Oil prices settled down more than 2 percent on Friday after OPEC said October output reached another record, casting doubt on whether its plan to limit production is achievable or enough to ease persisting oversupply in the market.
The Organization of the Petroleum Exporting Countries (OPEC) said Friday that its output rose to 33.64 million barrels per day (bpd) last month, up 240,000 bpd from September.
OPEC plans to cut or freeze output, but investors are skeptical that such a deal will be reached during the cartel’s Nov. 30 meeting and also concerned that whatever agreement reached would not be effective.
Based on its record October output, OPEC would have to trim up to a million barrels per day of output to make good on its promise to reduce production to between 32.50 million bpd and 33.0 million bpd.
“The fact that they were already producing an increased amount certainly makes whatever cuts they may want to make more difficult,” said David Thompson, executive vice-president at Powerhouse, an energy-specialized commodities broker in Washington.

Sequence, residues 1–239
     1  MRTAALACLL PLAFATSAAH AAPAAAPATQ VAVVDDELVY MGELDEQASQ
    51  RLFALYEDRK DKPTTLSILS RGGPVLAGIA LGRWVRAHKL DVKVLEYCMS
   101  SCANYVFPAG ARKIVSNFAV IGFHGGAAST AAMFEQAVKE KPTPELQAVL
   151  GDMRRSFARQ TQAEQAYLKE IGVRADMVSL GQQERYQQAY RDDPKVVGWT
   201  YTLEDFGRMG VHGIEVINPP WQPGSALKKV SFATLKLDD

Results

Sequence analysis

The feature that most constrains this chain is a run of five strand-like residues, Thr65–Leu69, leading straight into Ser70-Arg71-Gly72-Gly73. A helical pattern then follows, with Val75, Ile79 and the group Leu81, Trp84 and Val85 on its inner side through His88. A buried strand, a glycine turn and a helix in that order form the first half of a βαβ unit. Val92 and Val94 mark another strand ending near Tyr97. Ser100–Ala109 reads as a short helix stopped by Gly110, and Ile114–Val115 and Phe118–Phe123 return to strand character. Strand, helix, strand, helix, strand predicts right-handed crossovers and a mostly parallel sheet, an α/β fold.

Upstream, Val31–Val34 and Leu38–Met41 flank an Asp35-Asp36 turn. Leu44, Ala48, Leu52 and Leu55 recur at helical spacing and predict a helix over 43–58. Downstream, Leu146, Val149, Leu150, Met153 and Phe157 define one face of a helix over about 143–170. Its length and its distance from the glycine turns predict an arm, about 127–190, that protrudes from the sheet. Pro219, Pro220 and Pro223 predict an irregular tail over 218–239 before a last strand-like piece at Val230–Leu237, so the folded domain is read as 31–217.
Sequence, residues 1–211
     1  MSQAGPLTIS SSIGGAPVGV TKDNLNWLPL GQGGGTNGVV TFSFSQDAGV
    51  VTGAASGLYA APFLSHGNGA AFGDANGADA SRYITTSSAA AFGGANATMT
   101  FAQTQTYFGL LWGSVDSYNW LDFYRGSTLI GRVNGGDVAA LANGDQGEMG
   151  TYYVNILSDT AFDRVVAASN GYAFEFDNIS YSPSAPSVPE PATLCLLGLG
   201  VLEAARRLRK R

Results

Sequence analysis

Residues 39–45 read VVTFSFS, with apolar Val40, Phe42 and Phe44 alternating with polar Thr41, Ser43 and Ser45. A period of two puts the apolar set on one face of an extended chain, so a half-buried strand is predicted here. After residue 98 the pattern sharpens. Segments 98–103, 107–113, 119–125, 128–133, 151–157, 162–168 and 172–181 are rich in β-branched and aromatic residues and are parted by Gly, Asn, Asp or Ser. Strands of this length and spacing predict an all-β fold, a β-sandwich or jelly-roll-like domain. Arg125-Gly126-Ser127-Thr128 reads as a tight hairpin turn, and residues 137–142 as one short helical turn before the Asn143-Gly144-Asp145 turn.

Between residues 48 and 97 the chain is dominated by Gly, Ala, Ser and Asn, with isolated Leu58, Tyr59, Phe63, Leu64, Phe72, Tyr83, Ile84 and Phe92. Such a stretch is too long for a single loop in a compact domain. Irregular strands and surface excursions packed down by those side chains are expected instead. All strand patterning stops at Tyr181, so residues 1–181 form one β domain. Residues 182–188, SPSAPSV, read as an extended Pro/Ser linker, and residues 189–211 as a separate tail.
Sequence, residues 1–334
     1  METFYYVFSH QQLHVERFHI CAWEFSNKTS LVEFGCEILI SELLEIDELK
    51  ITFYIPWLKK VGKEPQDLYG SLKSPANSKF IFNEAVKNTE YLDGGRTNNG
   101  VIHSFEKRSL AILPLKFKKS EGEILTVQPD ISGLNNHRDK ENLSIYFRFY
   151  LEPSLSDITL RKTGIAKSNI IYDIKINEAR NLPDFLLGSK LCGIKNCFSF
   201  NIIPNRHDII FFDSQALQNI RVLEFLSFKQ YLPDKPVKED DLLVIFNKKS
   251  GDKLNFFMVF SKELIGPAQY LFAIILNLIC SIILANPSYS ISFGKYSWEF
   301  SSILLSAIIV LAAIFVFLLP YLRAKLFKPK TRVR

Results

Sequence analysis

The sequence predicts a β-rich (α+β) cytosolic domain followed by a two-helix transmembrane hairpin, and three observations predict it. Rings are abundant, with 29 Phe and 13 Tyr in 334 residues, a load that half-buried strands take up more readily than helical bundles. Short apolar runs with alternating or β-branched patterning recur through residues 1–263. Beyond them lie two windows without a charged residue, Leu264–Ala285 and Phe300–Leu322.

International Brent crude futures LCOc1 settled at $44.75 per barrel, down $1.09, or 2.4 percent. It had reached a low of $44.19, the lowest since August.
U.S. West Texas Intermediate (WTI) futures CLc1 were down by $1.25, or 2.8 percent, to $43.41 per barrel, after recovering from a low of 43.04.
The benchmarks’ session lows were more than 3 percent lower than their previous settlement. Brent and WTI settled down about 2 percent lower for the week.
Adding to bearish sentiment were data by oil services company Baker Hughes Inc (BHI.N) that showed U.S. drilling rigs rose by two in the week to Nov. 11 to 452 rigs, an increase in 21 weeks out of the last 24.
Crude futures have wiped out gains made since the end of September when OPEC said it would agree to cut oil production.
The International Energy Agency (IEA) has said global supply rose by 800,000 bpd in October to 97.8 million bpd, and the supply overhang could run into a third year in 2017 should OPEC fail to act.
“There’s so much oil coming to the market,” said Tariq Zahir, trader at Tyche Capital Advisors in New York. “Prices deserve to be here, maybe even a little lower.”
Beyond oversupply, a surging dollar .DXY following the initial shock of Donald Trump’s U.S. presidential election win also put pressure on prices, traders said.